And we're not even at the menu proper yet. Space prevents me from listing 14 dishes, but as I don't have any allergies, I can try everything, and I dip my fork across to try the richer, naughty plates that Claire has. Highlights include veal sweetbreads with parsley-root purée and cocoa nibs with a balm glaze, which is sensational. I've always shied away from sweetbreads but I feel safe in Horridge's hands – and am not disappointed. I don't think I'll ever eat it again as it can't ever be as tender and deftly flavoured. Pan-fried and sesame torchon with quince compote is similarly deliciously unctuous, and – OK I realise this is a meat-oriented list – warm oxtail terrine with crackling and a pickled red-cabbage sorbet is a perfectly judged mix of hot, cold, soft and sharp.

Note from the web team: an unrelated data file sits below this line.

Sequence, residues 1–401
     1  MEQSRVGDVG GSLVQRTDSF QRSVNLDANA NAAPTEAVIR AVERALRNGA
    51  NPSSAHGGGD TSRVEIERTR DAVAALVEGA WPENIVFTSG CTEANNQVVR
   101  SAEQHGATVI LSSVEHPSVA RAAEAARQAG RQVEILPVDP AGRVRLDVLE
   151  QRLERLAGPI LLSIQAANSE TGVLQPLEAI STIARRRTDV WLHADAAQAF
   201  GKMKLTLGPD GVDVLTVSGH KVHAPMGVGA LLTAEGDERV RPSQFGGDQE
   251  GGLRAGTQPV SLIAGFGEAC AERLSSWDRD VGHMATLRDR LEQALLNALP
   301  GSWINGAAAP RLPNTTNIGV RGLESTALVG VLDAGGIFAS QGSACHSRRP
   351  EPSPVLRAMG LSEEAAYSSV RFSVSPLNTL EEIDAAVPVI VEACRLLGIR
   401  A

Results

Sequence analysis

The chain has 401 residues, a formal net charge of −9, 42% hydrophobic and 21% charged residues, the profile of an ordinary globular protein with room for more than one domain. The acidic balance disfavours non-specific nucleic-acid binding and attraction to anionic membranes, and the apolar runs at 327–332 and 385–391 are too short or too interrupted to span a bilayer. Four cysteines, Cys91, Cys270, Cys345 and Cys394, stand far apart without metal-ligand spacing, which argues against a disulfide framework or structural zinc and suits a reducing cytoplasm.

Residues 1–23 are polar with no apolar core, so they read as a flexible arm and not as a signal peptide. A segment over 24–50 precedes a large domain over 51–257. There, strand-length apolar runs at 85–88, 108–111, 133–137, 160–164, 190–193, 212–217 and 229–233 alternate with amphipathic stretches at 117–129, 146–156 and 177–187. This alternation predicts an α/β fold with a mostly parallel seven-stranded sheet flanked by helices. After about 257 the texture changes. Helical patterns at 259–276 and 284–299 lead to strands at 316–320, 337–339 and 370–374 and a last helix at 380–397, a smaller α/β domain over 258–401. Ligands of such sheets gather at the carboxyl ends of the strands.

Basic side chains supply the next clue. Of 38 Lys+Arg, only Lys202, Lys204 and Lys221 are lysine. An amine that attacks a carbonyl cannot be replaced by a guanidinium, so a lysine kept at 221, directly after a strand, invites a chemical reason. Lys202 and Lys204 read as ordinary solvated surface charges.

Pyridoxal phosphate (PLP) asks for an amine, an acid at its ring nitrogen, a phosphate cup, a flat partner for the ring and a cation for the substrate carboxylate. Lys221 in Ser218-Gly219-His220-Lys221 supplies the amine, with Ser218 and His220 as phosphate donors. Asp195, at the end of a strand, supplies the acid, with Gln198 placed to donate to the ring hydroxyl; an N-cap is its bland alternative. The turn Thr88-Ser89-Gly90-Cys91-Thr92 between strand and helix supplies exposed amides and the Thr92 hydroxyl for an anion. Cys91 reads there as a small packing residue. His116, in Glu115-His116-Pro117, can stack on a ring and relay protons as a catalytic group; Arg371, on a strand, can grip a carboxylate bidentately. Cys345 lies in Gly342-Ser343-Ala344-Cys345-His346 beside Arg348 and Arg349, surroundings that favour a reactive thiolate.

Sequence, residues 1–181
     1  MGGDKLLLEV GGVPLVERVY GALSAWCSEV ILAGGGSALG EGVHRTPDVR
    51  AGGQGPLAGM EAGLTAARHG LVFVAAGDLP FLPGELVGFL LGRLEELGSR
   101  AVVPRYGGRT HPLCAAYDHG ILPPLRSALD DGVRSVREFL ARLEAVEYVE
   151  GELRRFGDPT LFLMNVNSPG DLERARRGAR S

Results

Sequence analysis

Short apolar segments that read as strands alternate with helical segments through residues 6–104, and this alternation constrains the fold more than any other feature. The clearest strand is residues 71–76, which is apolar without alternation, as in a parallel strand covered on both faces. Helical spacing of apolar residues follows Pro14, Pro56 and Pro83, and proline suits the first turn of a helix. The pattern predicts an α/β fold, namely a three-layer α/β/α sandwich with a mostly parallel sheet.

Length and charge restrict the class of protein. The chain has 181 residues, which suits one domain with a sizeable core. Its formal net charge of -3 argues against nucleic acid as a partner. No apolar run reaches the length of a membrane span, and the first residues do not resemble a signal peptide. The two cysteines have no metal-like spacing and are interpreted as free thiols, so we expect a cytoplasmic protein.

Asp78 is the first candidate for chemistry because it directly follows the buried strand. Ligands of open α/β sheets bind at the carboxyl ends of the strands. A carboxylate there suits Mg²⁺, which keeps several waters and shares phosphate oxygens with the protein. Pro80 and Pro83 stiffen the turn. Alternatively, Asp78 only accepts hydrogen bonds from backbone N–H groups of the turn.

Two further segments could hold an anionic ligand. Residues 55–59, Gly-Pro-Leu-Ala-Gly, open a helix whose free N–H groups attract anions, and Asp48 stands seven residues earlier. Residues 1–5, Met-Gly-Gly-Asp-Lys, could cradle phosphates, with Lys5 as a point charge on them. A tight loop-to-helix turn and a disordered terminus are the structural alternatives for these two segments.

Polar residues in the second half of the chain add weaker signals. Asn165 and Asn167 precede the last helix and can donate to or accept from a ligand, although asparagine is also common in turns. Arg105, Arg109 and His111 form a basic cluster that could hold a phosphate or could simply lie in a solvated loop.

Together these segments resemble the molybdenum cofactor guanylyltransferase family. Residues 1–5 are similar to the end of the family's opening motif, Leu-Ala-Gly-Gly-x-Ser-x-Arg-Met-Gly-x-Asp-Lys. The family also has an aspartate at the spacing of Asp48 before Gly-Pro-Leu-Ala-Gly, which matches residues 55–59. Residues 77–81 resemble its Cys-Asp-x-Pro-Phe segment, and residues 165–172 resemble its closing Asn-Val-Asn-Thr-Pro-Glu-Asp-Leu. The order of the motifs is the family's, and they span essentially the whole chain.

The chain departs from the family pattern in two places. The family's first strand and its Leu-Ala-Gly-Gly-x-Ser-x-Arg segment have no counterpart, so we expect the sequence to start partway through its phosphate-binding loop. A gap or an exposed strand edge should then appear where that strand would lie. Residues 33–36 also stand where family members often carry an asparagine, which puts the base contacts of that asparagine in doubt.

Meanwhile, on the "Without" menu, seared turbot with globe artichokes, citrus-zest purée and chorizo foam is dazzling. If nutritionally balanced food can be this good, who needs cream, sugar and wheat? The following dish, grouse with braised chicory, raspberry and almond purées is enough to confirm for me that Chris Horridge is a seriously brilliant chef. There are, I learn later, just four of them in the kitchen, turning out spectacular-tasting, beautiful-looking and reasonably healthy cuisine. He deserves plaudits, and they surely can't be long in arriving.